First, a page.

FUBU’s Stealth Marketing

UPDATED: May 4, 2010
PUBLISHED: May 4, 2010

Daymond John was not a rapper. He couldn’t sing or dance. But as a young man, he latched onto the emerging ’80s rap scene in Queens and the Bronx as his path to success.

John began working as a roadie for now legendary acts Run DMC and LL Cool J. Along the way, he found his passion—fashion. “I couldn’t rap or sing,” John tells SUCCESS, “but I loved fashion. That’s one of the most important things if you want to be successful as an entrepreneur. If you’re doing something you love, you will always succeed.”

And John knows what it takes to be successful. The founder of the urban clothing line FUBU (For Us, By Us), John has built his empire through perseverance, creative marketing techniques and groundbreaking branding strategies. Today, he’s known as the “Godfather of Urban Fashion,” runs multiple multimillion-dollar clothing businesses, and offers his marketing and branding expertise to some of the leading companies and figures in the world.

But back in Queens in 1992, John wasn’t a success yet—far from it. He had little direction and virtually no understanding of business. He did possess a strong desire for a hip tie-top hat. When he priced a few available styles, he realized he couldn’t afford what he wanted, so John designed and made his own instead. Then he made a few more. He and a friend took to the streets of Queens, and after a particularly successful night with $800 in sales, John knew they had something special.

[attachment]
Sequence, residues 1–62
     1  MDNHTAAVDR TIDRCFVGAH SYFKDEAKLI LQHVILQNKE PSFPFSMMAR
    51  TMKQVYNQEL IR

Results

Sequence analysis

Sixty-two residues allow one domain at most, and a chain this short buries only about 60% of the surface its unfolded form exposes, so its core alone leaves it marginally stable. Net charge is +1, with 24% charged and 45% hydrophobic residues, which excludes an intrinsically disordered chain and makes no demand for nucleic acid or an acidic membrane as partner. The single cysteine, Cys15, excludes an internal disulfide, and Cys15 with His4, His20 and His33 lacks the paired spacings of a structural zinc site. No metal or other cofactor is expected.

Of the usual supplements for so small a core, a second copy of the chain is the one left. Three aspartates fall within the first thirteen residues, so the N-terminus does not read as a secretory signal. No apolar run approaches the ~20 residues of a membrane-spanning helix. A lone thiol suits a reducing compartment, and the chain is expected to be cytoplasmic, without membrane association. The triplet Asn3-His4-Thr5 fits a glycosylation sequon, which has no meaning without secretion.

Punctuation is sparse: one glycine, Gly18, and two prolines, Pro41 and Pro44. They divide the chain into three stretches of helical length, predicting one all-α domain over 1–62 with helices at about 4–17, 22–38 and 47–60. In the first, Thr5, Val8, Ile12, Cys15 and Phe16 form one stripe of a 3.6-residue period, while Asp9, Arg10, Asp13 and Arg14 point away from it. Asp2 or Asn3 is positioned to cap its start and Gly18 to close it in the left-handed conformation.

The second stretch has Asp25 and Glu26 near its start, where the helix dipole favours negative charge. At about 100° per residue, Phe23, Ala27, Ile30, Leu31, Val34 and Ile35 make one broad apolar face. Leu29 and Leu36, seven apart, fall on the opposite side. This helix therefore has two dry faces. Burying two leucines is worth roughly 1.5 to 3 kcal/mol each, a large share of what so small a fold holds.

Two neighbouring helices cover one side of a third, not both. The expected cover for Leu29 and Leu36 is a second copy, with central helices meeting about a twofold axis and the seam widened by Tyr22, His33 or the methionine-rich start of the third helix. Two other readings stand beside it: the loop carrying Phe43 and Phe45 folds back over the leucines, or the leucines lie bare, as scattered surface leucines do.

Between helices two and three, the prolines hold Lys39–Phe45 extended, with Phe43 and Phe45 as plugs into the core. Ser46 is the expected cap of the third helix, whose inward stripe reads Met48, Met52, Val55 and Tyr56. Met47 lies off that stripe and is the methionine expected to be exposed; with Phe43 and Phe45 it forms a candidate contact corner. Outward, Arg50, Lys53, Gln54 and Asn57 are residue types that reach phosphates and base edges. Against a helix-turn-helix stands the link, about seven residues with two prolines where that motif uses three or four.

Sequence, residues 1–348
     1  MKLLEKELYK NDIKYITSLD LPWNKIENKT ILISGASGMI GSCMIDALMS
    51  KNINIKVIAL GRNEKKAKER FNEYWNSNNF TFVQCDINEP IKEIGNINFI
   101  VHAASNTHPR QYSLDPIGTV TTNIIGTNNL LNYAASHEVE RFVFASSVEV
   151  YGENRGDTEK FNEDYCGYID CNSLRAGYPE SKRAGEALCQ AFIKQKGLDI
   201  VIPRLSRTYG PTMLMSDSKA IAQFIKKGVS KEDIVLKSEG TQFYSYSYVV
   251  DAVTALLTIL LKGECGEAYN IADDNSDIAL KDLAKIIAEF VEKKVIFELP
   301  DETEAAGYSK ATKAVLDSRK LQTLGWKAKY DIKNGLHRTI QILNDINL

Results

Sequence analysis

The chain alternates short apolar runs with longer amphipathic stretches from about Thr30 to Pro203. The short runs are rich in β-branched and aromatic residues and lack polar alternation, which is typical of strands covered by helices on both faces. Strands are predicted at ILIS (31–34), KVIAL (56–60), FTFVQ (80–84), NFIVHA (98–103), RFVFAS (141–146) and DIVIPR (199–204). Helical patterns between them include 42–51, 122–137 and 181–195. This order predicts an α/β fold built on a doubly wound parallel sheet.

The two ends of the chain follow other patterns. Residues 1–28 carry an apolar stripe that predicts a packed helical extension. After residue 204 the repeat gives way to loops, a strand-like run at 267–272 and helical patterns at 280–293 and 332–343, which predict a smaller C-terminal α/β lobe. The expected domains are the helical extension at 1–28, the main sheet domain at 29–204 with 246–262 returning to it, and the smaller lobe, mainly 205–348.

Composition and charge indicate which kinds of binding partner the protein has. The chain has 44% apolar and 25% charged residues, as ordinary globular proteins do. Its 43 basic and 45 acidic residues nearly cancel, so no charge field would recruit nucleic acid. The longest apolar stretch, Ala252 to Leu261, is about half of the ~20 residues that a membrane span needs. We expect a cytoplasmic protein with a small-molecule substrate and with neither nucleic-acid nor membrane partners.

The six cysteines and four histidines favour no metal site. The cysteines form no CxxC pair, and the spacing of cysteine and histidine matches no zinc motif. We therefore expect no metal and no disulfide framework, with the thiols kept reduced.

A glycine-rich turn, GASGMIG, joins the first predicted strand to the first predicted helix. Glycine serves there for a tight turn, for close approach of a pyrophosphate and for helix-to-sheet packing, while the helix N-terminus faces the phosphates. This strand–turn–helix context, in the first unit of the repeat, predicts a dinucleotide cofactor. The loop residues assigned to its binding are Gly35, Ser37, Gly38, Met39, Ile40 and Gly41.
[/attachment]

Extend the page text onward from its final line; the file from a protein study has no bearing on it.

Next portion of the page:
Not long after, FUBU—the brand—was born. John sewed the logo on hockey jerseys, sweatshirts and T-shirts, but he didn’t know how to market his product. He went to his longtime friend, LL Cool J, who by this time was a star in the music industry. “I have this new company and an apparel line,” John remembers telling him. “You, as a successful businessman, tell me what to do to get this brand out there.” LL told him to find the biggest celebrity he could and not take no for an answer. “You need to stalk him and get him to wear your product no matter what,” he told John. “He needs to know you’ll never leave him alone.”

The next morning, LL Cool J woke to find John camped on his lawn. Turns out, LL Cool J was the biggest celebrity John knew.

John convinced LL Cool J and the members of Run DMC to wear his clothes. But he only had eight shirts at the time, so after one group wore his apparel, John rushed to the dry cleaners to get the garments ready for the next appearance. FUBU gear began showing up in music videos airing on MTV daily. It was one of the first attempts at product placement in the industry. Soon, FUBU was perceived as an exclusive apparel line favored by the biggest rap acts in the world.

For John, it confirmed his evolving theory about branding: Anything, including himself, could be a brand. “You’re a brand the day you’re born. And [your actions] become the brand you are. And whether you’re a famous rapper or actor, or just someone with a desk job, brand matters,” John says. “You’re judged maybe 10,000 times a day when people walk by you on the street…. We judge and brand a person within the first minute and then wait to hear things that convince us we’re right.”